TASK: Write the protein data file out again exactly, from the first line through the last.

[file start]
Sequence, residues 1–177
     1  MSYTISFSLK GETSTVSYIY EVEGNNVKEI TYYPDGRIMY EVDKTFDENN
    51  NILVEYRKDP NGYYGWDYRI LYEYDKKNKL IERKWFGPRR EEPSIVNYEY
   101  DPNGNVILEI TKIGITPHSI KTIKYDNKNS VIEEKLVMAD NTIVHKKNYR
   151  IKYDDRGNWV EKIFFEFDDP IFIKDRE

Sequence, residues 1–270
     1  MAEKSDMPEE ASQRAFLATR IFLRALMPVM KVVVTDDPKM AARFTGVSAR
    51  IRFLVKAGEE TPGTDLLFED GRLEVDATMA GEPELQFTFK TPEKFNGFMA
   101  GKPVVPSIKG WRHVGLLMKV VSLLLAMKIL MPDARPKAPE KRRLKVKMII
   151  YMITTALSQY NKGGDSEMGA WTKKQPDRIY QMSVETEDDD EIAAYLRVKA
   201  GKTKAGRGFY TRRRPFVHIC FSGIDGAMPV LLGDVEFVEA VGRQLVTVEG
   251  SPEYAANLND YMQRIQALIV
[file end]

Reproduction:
Sequence, residues 1–177
     1  MSYTISFSLK GETSTVSYIY EVEGNNVKEI TYYPDGRIMY EVDKTFDENN
    51  NILVEYRKDP NGYYGWDYRI LYEYDKKNKL IERKWFGPRR EEPSIVNYEY
   101  DPNGNVILEI TKIGITPHSI KTIKYDNKNS VIEEKLVMAD NTIVHKKNYR
   151  IKYDDRGNWV EKIFFEFDDP IFIKDRE

Sequence, residues 1–270
     1  MAEKSDMPEE ASQRAFLATR IFLRALMPVM KVVVTDDPKM AARFTGVSAR
    51  IRFLVKAGEE TPGTDLLFED GRLEVDATMA GEPELQFTFK TPEKFNGFMA
   101  GKPVVPSIKG WRHVGLLMKV VSLLLAMKIL MPDARPKAPE KRRLKVKMII
   151  YMITTALSQY NKGGDSEMGA WTKKQPDRIY QMSVETEDDD EIAAYLRVKA
   201  GKTKAGRGFY TRRRPFVHIC FSGIDGAMPV LLGDVEFVEA VGRQLVTVEG
   251  SPEYAANLND YMQRIQALIV